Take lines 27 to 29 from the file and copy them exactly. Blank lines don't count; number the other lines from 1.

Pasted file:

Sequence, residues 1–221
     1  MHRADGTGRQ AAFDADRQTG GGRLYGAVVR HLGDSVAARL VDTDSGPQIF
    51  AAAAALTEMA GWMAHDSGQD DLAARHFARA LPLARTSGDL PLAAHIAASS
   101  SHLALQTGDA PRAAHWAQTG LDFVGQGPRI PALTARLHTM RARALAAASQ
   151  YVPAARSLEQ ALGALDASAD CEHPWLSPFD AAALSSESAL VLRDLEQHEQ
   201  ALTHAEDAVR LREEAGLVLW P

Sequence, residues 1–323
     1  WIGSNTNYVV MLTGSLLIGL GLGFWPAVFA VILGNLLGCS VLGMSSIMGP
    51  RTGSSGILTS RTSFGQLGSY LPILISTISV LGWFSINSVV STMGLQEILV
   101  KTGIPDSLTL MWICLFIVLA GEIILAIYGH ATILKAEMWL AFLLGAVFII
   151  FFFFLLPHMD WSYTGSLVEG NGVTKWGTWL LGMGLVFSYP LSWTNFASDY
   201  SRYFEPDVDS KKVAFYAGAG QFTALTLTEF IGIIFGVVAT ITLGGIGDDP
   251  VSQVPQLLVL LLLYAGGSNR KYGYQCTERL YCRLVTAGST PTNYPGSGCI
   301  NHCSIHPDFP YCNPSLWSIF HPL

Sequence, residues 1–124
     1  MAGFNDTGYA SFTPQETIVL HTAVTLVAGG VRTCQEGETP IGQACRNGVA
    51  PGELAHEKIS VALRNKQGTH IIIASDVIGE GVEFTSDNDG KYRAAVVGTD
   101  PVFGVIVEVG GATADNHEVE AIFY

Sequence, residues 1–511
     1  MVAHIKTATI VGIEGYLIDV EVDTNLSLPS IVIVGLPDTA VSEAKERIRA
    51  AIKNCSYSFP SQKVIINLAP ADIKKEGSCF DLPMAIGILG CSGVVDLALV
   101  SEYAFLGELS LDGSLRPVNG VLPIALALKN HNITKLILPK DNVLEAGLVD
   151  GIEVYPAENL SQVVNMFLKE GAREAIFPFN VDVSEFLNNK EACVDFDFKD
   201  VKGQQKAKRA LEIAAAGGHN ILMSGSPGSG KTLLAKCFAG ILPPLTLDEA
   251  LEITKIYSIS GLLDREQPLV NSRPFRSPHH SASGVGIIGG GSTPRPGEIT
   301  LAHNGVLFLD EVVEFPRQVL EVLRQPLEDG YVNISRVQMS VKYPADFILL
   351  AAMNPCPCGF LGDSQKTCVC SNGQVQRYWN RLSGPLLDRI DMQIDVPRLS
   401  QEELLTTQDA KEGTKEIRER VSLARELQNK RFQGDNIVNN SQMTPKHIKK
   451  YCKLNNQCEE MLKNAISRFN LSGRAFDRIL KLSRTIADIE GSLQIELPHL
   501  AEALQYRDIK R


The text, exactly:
   351  AAMNPCPCGF LGDSQKTCVC SNGQVQRYWN RLSGPLLDRI DMQIDVPRLS
   401  QEELLTTQDA KEGTKEIRER VSLARELQNK RFQGDNIVNN SQMTPKHIKK
   451  YCKLNNQCEE MLKNAISRFN LSGRAFDRIL KLSRTIADIE GSLQIELPHL